Another explosion drew the warrior’s attention, this time from the beginning of the town’s single lane. A wisp of smoke roiled along the desert there, but what surprised Beard was how ethereal it seemed. The warrior pitched to his right, rolling to a spot by the abandoned store as the smoke rolled deeper into the town. The stench of battle was growing fierce now, heightening Beard’s sense of urgency. He crouched and listened, his ears pricking at the sound of swung metal.
“Death to ya, cully!”
The strange bellow was followed by the sound of unseen projectiles whipping past Beard, some of them clanging off of the petrified wood of the surrounding buildings. The warrior scanned the vicinity, but couldn’t see the battle he heard and felt. He narrowed his eyes on the approaching whirl of grit and smoke and stilled himself, the flesh of his arms pricking with alarm. Only then, as the roiling smoke passed by, did he begin to see the commotion.
Out of the churning plume came two figures locked in battle. They seemed to materialize before Beard, both of their crude blades casting ethereal sparks to the ashen desert below. The warrior marveled at their mutual translucence, as though the fighters were merely shades. Before he could train his focus on them, however, he heard another skirmish erupt near the dilapidated saloon across the road.
“This is what you get when you mess with us.”
A blast rang out then and, just as with the skeletal remains he’d found upon entering the town, his eyes were opened to the strange mayhem unfolding around him. Men, women, and beasts appeared as if from the netherealms, all of them engaged in a great battle along the entire expanse of the town’s main road. The entire contingent seemed too embroiled in battle to notice the crouching warrior, granting him stealth in the very midst of them.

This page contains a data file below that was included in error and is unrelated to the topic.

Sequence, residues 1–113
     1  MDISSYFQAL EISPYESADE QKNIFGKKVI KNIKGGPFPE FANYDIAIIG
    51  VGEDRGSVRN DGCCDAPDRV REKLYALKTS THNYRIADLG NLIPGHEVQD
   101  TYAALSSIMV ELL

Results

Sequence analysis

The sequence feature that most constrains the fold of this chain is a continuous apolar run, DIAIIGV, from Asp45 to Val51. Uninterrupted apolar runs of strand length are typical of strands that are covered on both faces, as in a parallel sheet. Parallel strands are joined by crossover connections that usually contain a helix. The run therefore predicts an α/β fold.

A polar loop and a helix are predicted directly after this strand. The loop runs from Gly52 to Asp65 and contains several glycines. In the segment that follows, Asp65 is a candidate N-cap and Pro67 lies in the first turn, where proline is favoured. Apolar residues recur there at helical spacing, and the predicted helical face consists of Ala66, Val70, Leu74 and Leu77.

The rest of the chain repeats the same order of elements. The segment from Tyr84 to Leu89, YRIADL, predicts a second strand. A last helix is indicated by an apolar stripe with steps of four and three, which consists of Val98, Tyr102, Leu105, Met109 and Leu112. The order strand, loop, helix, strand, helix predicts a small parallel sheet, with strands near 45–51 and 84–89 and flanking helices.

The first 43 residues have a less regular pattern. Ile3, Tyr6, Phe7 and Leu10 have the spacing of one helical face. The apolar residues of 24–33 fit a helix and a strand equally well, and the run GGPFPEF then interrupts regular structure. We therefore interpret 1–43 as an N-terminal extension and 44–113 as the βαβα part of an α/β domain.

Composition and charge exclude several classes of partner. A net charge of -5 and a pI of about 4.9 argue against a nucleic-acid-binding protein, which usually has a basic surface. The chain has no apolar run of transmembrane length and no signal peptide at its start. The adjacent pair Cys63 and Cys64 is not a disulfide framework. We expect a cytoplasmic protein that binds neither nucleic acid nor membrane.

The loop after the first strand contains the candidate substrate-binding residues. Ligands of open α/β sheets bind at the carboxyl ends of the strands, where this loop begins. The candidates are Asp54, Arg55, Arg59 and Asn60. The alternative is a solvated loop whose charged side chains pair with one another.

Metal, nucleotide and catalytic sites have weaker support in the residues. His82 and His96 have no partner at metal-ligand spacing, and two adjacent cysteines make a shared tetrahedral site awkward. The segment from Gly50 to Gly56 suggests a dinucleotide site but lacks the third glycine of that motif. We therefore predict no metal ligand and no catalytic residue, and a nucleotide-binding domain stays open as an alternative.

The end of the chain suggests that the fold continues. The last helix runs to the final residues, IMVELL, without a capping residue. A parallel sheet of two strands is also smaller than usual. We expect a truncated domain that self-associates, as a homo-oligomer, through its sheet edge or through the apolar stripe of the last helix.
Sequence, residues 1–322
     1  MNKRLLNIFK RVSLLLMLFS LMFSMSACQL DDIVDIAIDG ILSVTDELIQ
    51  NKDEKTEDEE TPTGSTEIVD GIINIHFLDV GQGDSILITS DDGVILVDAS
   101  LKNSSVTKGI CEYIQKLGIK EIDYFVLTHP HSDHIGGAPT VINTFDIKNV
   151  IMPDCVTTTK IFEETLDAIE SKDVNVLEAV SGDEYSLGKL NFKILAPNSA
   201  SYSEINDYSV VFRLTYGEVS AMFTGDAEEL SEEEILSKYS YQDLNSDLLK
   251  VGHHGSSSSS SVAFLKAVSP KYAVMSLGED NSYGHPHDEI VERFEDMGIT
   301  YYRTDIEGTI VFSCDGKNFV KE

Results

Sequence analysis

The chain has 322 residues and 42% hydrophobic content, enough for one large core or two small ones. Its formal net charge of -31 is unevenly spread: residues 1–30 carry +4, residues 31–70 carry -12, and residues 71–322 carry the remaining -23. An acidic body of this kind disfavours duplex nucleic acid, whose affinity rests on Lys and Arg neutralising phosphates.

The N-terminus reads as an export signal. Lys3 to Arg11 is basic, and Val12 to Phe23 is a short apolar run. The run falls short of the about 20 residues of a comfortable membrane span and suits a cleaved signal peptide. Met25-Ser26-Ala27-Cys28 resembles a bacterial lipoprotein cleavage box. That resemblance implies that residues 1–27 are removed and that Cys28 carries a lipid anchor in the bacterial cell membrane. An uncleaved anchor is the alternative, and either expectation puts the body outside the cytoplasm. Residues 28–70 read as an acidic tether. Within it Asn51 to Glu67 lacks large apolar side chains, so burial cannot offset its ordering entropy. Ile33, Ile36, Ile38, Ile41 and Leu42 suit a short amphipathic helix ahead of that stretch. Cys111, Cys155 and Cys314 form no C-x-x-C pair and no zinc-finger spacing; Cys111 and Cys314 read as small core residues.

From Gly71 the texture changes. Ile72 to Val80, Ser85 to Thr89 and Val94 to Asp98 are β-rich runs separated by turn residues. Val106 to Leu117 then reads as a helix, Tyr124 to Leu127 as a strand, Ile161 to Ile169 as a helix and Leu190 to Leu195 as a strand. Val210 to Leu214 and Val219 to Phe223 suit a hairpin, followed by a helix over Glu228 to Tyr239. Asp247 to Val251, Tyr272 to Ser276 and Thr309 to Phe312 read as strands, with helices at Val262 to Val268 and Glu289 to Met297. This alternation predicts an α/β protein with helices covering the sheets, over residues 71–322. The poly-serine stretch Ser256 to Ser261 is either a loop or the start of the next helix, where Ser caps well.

“Leave us be!” one of the women screamed at a rather large man bearing down on her in a strange suit of armor. The man pulled something from a short sheath at his hip -- a strange make of metal or iron -- and pointed it at the screaming woman. She snarled, her hands raised as if to ward off a blow. Then a stiff blast filled the town as the man’s hand jerked and the lady fell lifeless to the sand.
Beard leapt from his crouch, charging the man with the odd contraption, but by the time he reached the spot where they lady had fallen, the man had disappeared, leaving naught but the bones of the present. The warrior turned back to see a hulking creature bearing down on a group of townsfolk. The thing had the body of a bear but the head of a bull, a network of metal plating and thick cables meeting its flesh in various places.
What is this? Beard asked himself, his blade thrumming with the want of battle. He trained his eyes on the otherworldly creature, searching for a place of weakness. Meanwhile the monster closed in on the few brave men that had stayed to meet it in battle. Without a moment’s hesitation, Beard launched himself at the bear-thing.
The warrior wrapped his mighty arms around the muscular girth of the beast and then pulled it from its powerful legs, slamming it to the ground between two buildings with a mighty suplex. The thing roared beneath Beard, its rage shining bright like fire in its eyes. It gnashed its jagged teeth, its snout folded back in a snarl beneath a metal plate parting it broken horns.
The bear-thing bucked Beard against the wall to his right, but the warrior was ready, pivoting just in time to evade a crushing blow. He delivered a heavy boot to the creature’s chest, sending it reeling into the opposite wall. It roared again, scrambling back to its feet as the warrior brought his blade to its skull. There was a buzzing clang as the blade cleaved the metal plate atop the bear-thing’s head, revealing its pink brain and a network of diodes that reminded the warrior of the strange island he’d visited before boarding the Aquario.
The bear-thing screamed, falling to its side as thick blood poured out of its face. Beard watched with grim satisfaction as the creature writhed in the throes of death. He looked down upon the beast and placed a heavy boot upon its chest in a pose of total victory. How long had it been since he’d tasted the sweet nectar of a battle well fought? Too long, he reckoned.